More than three years after departing BioWare and later founding his own studio, Aaryn Flynn's next project has finally been announced. The former BioWare boss turned up on stage at last week's Game Awards to show off Nightingale, a "shared-world survival crafting game" - the first project from Inflexion Games.
But while that trailer gave us a good idea of Nightingale's alternate history fantasy setting, it gave less away on what the game will actually be like to play - and what might have changed since it was originally teased as an online multiplayer RPG.
I chatted with Flynn via Zoom last week, shortly before The Game Awards, to find out more.
"We had imagined the kinds of things we would build in this game, and the kinds of things players would get to do in this game," Flynn says when I ask about the change in genre label. "Over the past couple of years, we just found these new opportunities to take the game and new places we could go... ad they seem to resonate with the world we're building and some of the fundamental choices we'd made early on, like, create a world that is highly interactive, and really empower players to do what they want.
"What has remained the constant in all that has been the passion for world-building, this idea we want to create a universe for players that they can invest their time in, that's going to have discovery around every corner, where players are going to feel rewarded for putting their time into it. We just evolved over time with new ideas and new thoughts and new gameplay iteration to say, 'Yeah, this feels really good.' "
Nightingale is set just before the turn of the 19th century in an alternate Victorian world where magic has existed for hundreds of years. This magic allowed humanity to build a network of portals (basically, Victorian Stargates) to other fantasy realms.
Humanity apparently gained access to magic from the Fae, mysterious mythical beings who recently turned up again after a long absence. It was also at this time that humanity's portal network suddenly collapsed - leaving players, known as Realmwalkers, dispersed in far-off places struggling to survive.
Apart from survival, humanity's aim is now to get back to the city of Nightingale, the centre of magic. To do that, you'll need to venture forth through remaining portals, battle eldritch horrors, gather loot, and build yourself back up again.
"When you decide to go exploring in these realms, you get to make choices about how you want to tackle the adventures, how you want to participate in them," Flynn says of the game's adventure system.
"In our trailer, there's a really nice moment in there that's meant to show the dichotomy the world will present - where a giant is bending down to receive an offering from players. That's one way you can solve that encounter. A bit later in the trailer, there's a bunch of Realmwalkers in combat with the giant - and the giant is rampaging through the community they built. That's another way to try to solve it. Each challenge has different outcomes and each decision has different consequences."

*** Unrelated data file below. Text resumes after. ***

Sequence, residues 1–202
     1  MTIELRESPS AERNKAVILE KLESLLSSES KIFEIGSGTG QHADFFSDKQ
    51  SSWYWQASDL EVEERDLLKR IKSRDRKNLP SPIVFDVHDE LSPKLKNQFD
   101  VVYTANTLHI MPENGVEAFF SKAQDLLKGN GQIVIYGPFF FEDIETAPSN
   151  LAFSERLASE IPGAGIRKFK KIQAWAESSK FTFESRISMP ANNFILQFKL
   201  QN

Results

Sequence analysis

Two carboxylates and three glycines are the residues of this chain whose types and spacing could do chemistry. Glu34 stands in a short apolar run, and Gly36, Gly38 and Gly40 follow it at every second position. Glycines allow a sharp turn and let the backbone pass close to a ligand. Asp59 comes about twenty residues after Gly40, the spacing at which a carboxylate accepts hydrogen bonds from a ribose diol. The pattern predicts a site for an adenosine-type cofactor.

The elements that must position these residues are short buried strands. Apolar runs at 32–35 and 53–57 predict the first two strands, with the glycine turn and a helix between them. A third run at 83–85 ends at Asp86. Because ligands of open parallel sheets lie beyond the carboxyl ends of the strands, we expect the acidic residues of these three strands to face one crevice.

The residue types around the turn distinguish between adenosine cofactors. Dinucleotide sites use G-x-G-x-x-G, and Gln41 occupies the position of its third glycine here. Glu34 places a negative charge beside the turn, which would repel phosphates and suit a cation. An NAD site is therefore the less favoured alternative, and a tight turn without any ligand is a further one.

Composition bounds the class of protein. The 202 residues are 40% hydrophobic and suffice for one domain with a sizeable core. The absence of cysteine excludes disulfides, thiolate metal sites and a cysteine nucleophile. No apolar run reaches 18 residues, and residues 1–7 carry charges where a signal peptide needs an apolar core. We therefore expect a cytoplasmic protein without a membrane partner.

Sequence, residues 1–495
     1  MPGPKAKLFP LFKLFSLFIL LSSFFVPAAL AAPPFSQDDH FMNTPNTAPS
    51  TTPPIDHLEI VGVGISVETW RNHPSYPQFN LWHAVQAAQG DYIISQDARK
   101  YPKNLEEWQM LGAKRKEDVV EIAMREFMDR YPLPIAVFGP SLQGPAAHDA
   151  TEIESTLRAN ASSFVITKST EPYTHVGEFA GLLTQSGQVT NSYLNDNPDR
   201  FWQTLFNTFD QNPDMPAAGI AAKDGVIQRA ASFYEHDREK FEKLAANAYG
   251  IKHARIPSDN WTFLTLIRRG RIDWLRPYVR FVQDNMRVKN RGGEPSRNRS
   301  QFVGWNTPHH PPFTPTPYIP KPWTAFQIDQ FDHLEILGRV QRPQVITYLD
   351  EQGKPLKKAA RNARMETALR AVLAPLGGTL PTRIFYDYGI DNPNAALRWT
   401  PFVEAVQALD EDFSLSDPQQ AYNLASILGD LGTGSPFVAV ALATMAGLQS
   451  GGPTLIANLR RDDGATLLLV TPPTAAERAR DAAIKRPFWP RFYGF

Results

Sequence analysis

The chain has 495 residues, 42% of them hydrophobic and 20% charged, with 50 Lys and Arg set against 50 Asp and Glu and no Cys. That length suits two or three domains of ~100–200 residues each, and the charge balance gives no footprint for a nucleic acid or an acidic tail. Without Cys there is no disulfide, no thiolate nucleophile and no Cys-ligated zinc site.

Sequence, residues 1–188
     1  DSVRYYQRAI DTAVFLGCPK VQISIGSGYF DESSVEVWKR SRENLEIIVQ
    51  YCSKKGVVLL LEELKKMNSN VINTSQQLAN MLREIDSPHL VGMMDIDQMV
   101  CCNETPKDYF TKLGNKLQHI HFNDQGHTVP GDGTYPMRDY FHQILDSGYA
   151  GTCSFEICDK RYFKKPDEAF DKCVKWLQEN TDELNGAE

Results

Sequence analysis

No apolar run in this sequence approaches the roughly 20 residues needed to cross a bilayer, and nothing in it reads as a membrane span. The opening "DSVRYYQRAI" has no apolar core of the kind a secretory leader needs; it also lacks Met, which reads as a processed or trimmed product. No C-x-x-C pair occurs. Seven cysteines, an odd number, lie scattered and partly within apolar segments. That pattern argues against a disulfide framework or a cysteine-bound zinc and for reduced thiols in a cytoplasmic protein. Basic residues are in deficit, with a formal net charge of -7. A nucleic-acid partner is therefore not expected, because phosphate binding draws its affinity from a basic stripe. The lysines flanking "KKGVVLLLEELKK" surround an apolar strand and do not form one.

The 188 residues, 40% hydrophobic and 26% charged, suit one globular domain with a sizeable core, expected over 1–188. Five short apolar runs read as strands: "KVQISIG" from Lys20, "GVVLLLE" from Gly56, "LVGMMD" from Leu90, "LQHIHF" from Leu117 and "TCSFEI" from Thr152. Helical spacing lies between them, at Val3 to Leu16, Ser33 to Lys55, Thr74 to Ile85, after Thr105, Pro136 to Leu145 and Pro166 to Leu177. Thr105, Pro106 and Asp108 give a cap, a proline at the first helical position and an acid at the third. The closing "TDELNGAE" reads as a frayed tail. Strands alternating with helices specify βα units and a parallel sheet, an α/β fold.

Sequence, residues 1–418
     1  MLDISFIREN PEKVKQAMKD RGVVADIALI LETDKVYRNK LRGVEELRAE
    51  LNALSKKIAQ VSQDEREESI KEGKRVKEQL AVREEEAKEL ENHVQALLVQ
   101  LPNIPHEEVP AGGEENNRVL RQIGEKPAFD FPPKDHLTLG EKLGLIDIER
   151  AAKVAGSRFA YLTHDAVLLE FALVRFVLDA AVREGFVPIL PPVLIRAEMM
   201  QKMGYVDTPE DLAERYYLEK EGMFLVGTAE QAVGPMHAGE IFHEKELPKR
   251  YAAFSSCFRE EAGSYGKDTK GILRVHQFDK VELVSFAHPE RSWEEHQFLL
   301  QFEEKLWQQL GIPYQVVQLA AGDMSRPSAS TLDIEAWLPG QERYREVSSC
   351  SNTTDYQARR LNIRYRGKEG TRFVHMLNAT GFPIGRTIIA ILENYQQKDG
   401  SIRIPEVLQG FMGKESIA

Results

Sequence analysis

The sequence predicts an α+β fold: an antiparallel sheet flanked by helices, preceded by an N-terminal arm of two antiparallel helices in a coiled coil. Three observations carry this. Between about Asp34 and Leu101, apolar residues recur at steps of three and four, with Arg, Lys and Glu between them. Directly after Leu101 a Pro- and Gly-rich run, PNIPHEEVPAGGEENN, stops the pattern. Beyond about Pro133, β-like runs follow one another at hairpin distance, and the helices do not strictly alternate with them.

Resources gained on adventures can be poured back into upgrading your character, or into building bases across various maps and terrains, with estates and farms. You can play solo or with others (though there's no word yet on team or party sizes) and there's no PVP. NPCs will be present, but it doesn't sound like they will be fighting alongside you. Instead, you'll talk with them for story and quests.
The wider story of Nightingale is being kept under wraps, but Flynn said its setting had been inspired by the brilliant Jonathan Strange and Mr. Norrell by Susanna Clarke, a favourite book of art director Neil Thompson, Flynn's long-term colleague at BioWare and now Inflexion too. (Eagle-eared fans of its TV adaptation might have noted that its star Marc Warren appears in the trailer.)
"This alternate history idea is something we didn't explore at BioWare," Flynn continues. "You know, Mass Effect is ostensibly a future with an alternate history, but we didn't really touch on that.
"When we began the studio, we had been thinking for a long time about an alternate history game and just loved the Victorian era, which is great in that it offers something of the contemporary even at a point that's 100-plus years old. There's a lot of familiarity in the contemporary that exists in the Victorian - people dress approximately like they do [now] although it's different enough that you go 'that's interesting'. Weapons, guns and things like that are familiar enough to be recognisable, even if a little more primitive. And then you layer on this idea of magic and what you can do with a really cool magic system. It's a really interesting setting with lots of opportunities for storytelling.
"It didn't take long as we talked about it, three and a half years ago, for some of our early developers to build it out and give us a sense of what that could be. And it became the world."
For now, Nightingale remains under wraps, though friends and family of Inflexion's 100 employees were recently invited to play. There's no word yet on when the game might release, though Flynn says more players will be invited to try Nightingale next year on PC, as the team seeks to gather more feedback, and work on more of its magic.
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